LAFAYETTE, Ind. (WLFI) - The Dawodu's backyard is filled with life and laughter. But it wouldn't be the same had they not adopted three of their seven daughters.
"Adoption has really taught me the different ways to love," Femi Dawodu says. "It really just teaches you how to expand your heart, beyond the norm of how you typically raise children and really draw kids in, in the way that they feel loved."
Femi and Carlee Dawudo are among many Hoosier parents who choose to adopt. Nearly 2,500 Hoosier children were adopted in fiscal year 2019. That's up by more than 1,000 over the past five years.
As a result, the Indiana Department of Child Services was awarded $4.7 million dollars in federal funding this year, more than any other state to receive money. The check was presented Thursday during a news conference with Gov. Eric Holcomb.
But foster children in Tippecanoe County are still in desperate need of help, says Lacy Page, licensing lead at the The Villages of Indiana. The agency works in connection with DCS to license foster parents and coordinate private adoptions.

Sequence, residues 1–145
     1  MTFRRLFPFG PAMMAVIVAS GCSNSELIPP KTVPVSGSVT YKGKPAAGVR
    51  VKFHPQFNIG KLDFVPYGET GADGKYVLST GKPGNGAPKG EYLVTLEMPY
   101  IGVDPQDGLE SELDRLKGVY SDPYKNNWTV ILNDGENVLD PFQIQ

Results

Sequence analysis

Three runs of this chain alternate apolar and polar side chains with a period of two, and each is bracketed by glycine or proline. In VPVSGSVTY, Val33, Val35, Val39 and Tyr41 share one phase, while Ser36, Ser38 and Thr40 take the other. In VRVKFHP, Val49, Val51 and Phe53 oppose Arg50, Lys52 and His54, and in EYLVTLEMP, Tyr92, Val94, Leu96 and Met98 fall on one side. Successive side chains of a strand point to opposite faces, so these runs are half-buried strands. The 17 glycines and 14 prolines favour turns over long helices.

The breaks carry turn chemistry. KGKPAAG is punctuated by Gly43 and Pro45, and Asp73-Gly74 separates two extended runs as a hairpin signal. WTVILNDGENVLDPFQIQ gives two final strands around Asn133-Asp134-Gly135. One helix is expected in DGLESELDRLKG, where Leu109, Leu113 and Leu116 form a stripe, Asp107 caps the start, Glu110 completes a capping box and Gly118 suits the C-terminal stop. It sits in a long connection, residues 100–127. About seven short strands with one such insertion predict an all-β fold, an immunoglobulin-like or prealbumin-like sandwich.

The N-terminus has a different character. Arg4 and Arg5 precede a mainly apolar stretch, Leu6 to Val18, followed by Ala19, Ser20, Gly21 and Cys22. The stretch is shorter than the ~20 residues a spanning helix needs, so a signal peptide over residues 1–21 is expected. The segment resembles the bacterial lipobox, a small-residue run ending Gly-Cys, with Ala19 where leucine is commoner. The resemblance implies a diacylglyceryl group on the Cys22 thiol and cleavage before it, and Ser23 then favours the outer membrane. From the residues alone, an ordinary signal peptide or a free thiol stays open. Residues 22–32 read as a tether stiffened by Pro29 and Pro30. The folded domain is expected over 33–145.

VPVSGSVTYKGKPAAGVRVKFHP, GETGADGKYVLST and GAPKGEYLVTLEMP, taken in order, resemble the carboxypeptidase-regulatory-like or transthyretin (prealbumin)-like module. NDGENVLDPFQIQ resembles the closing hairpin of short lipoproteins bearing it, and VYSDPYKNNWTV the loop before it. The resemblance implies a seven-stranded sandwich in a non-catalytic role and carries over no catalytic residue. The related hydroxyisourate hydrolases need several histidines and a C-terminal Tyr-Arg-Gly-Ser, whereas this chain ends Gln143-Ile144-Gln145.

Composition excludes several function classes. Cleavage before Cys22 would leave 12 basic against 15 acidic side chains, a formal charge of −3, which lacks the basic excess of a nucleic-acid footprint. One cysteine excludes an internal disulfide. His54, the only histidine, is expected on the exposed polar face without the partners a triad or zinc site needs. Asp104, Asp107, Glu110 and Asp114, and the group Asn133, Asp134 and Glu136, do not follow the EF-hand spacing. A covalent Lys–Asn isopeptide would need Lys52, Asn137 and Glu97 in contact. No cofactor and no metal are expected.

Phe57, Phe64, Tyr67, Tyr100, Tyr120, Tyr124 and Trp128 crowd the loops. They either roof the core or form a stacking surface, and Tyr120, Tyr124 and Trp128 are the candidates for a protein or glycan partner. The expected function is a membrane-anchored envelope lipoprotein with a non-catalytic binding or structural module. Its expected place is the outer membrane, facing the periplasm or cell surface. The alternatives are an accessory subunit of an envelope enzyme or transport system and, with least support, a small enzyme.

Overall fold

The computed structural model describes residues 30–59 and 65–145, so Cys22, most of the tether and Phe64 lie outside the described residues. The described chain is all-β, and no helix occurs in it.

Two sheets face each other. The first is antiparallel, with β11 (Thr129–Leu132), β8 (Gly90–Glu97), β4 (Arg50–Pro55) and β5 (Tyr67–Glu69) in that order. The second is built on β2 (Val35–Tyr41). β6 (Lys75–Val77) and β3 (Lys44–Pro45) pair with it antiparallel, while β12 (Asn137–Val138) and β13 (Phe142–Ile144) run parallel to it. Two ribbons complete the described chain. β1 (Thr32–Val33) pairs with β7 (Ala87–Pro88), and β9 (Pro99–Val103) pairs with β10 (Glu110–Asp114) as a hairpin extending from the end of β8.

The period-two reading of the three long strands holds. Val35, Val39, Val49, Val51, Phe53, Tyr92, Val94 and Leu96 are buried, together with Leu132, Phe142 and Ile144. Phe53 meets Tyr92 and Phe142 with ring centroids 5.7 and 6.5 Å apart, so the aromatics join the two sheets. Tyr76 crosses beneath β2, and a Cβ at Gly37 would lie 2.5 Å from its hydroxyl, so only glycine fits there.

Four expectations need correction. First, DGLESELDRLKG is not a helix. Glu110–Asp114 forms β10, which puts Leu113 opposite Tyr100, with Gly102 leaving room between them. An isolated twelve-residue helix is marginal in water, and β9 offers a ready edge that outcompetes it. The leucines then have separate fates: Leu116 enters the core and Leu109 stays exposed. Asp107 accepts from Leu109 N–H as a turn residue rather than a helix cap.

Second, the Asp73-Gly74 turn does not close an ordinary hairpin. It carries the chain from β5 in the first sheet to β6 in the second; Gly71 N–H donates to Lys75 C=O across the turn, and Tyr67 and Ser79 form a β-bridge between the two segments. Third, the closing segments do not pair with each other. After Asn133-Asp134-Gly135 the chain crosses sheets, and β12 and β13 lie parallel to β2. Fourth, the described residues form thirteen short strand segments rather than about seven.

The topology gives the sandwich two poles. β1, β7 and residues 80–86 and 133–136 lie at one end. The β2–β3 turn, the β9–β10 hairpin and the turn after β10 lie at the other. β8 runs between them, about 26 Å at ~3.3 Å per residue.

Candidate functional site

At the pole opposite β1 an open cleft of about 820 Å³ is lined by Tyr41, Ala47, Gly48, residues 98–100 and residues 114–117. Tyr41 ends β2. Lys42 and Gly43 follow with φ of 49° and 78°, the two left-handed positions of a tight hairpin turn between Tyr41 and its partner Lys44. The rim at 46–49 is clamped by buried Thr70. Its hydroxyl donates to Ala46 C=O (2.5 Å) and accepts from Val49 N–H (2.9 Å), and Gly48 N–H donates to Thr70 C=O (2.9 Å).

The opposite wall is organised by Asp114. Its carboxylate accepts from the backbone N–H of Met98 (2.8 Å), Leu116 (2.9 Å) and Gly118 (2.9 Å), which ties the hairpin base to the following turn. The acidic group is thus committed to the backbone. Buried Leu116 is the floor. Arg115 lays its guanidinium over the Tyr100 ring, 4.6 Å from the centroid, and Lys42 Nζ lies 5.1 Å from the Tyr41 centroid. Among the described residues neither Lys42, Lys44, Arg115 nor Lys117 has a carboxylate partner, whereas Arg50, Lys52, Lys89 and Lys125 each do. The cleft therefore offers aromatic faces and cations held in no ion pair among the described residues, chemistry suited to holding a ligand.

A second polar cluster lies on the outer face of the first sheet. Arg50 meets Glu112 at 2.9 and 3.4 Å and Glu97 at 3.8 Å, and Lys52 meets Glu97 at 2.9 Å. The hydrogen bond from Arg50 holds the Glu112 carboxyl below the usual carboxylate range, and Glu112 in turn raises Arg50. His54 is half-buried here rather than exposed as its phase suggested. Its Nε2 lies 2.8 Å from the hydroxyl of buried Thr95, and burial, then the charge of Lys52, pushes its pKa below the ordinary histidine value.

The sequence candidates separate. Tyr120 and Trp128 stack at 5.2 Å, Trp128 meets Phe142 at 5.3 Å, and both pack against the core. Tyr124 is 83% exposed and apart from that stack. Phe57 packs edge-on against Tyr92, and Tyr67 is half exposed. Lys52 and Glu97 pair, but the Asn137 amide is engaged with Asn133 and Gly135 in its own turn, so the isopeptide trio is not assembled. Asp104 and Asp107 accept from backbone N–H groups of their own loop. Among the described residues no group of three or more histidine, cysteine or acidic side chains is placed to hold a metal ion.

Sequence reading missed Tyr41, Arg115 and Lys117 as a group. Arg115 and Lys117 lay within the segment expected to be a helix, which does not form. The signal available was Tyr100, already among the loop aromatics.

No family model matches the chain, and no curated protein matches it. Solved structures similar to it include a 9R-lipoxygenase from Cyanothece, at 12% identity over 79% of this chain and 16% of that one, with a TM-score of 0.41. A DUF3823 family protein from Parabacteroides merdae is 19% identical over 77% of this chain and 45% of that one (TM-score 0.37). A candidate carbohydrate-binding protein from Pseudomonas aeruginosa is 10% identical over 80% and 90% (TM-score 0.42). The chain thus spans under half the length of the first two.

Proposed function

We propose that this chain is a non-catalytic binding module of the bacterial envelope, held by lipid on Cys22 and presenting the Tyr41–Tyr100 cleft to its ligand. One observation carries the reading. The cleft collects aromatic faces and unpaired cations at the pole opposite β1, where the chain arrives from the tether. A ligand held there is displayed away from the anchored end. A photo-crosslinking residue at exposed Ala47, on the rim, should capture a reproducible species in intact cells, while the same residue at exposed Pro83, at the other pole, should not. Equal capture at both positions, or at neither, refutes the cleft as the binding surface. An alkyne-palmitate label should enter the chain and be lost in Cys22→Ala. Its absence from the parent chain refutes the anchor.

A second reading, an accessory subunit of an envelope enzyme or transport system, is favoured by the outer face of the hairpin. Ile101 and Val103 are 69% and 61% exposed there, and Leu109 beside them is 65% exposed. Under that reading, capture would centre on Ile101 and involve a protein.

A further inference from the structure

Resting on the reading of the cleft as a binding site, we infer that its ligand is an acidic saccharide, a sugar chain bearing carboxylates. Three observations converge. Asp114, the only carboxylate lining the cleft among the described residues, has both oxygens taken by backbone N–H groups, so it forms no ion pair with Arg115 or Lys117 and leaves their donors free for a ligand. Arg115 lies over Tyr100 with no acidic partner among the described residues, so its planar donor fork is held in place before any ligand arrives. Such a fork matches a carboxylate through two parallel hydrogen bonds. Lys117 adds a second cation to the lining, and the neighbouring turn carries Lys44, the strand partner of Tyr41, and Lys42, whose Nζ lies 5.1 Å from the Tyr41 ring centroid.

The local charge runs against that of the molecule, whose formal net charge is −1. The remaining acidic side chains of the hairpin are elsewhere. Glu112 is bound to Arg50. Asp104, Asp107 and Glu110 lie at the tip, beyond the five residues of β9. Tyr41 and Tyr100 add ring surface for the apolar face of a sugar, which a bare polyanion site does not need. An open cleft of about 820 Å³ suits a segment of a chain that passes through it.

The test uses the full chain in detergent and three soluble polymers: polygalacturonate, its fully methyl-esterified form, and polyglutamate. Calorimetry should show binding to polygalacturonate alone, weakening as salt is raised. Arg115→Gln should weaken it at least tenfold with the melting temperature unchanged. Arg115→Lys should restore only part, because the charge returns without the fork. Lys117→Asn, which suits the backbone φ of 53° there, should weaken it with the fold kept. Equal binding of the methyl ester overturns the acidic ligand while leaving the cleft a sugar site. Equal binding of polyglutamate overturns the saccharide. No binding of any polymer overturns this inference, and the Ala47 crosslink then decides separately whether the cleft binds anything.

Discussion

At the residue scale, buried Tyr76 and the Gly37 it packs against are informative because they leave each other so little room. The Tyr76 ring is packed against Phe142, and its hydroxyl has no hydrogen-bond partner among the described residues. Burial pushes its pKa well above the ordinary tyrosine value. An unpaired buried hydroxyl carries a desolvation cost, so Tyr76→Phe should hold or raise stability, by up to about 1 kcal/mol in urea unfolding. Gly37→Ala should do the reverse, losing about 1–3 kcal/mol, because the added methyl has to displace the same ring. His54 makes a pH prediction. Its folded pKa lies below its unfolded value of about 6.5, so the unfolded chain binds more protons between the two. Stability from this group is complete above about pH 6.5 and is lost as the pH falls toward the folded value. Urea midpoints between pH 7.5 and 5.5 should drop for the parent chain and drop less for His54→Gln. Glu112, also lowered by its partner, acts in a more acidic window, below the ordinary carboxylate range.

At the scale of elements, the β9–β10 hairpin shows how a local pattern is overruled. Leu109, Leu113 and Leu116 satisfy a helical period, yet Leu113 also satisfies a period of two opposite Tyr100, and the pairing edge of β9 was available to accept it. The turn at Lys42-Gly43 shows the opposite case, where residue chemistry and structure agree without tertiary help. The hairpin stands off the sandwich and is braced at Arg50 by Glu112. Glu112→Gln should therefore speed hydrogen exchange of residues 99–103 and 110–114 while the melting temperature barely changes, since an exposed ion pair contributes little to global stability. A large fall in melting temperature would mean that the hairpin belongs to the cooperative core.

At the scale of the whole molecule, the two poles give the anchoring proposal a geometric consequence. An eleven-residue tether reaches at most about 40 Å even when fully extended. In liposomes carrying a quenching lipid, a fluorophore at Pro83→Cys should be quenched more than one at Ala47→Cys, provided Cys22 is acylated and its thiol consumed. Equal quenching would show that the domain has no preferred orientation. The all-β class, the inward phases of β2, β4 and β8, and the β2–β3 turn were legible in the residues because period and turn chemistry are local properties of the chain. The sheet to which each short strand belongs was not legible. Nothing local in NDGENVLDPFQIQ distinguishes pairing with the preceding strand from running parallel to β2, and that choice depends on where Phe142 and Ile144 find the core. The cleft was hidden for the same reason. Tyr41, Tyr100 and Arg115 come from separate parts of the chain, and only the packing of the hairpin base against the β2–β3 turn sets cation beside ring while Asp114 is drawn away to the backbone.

"There is a significant need for kids, for foster parents for those older kids, those school-age kids," Page says. "In 2019, The Villages was referred 5,000 kids, and we weren't able to place 5,000 children."
Carlee Dawudo is also executive director of the local adoption agency Gifts of Grace. She encourages anyone considering adoption to take the next step.
"I think it's just worth it to adopt," Carlee Dawudo says. "Every child who's been through any sort of loss or trauma deserves someone in their corner."
In Indiana, the average time to adoption is 332 days. About 1,000 Hoosier children are still seeking a forever home.